City of Rice, Texas v. Texas Commission on Law Enforcement Officer Standards and Education, No. 03-10-00407-CV (Tex. App – Austin June 21, 2013).
This is an F-5 police officer termination case. Officer McMahan was terminated from the City’s PD and the F-5 filed with the Texas Commission on Law Enforcement Officer Standards and Education (“TCLEOSE”) stated she was discharged for failing to complete her probationary period. After a challenge and a State Office of Administrative Hearings (“SOHA”) administrative hearing, the City was ordered to change the F-5 report to “honorably discharged, terminated at will” which the City appealed. The trial court affirmed the order and the City brought this appeal. However, the Austin Court of Appeals affirmed the order in the end.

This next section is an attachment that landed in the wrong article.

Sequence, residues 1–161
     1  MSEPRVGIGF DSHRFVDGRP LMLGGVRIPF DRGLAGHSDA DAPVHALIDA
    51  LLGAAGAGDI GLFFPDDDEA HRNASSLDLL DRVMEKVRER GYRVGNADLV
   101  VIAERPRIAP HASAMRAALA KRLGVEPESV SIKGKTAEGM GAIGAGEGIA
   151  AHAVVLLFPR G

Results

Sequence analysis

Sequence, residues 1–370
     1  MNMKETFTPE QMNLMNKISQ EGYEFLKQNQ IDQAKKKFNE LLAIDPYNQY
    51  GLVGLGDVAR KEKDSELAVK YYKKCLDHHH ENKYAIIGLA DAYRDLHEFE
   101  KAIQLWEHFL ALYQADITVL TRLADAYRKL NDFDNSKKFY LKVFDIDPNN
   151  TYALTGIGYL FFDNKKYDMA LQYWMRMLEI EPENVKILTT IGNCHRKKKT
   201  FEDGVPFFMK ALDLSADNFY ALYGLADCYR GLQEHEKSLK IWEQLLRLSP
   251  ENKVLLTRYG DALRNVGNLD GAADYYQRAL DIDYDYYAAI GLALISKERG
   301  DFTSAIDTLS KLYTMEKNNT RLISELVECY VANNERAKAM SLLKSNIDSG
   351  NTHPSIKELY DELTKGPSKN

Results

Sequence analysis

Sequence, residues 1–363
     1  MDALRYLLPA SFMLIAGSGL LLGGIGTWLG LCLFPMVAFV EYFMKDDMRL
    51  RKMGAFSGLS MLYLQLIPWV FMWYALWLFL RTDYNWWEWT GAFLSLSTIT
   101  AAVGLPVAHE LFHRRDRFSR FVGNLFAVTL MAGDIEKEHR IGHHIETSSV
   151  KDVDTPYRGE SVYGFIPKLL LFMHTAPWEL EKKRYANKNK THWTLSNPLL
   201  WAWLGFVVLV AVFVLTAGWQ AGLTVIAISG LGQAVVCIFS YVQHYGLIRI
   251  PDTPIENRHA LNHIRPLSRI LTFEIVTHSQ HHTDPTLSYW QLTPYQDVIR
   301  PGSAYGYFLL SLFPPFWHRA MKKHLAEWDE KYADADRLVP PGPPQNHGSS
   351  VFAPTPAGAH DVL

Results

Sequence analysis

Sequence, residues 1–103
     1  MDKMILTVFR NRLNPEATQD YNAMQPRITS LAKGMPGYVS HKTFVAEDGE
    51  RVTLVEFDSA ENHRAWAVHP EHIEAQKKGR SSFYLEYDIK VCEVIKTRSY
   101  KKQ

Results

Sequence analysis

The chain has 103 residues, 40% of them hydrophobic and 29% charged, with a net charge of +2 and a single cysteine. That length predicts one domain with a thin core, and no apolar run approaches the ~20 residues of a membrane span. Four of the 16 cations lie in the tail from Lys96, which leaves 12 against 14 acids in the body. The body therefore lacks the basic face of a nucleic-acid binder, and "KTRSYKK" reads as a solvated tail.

The court held A law-enforcement officer is “honorably discharged” if she is terminated or otherwise leaves her employment “while in good standing and not because of pending or final disciplinary actions or a documented performance problem.” Under the administrative standard of review (substantial evidence) a court is concerned with the reasonableness of the administrative order, not its correctness. McMahan was an unpaid reservist who was later brought in full time. The former Chief of Police testified he believed McMahan completed her probationary period during her part-time reserve status from 2003 to 2004. She remained in such a status until November of 2007 when she began receiving pay. In September of 2008 she was terminated by the new Chief. On the F-5 report, it noted McMahan was hired in 2003, not 2007. Despite this evidence, the new Chief (Cheek), testified the policy manual included unpaid officers in its definition of “employee” for insurance purposes only, and that an officer had to be a full-time, paid employee to be considered to be in her probationary period. The court held that more than a scintilla of evidence existed that sufficiently qualified as “substantial evidence” to support the SOHA order and affirmed the trial court judgment.
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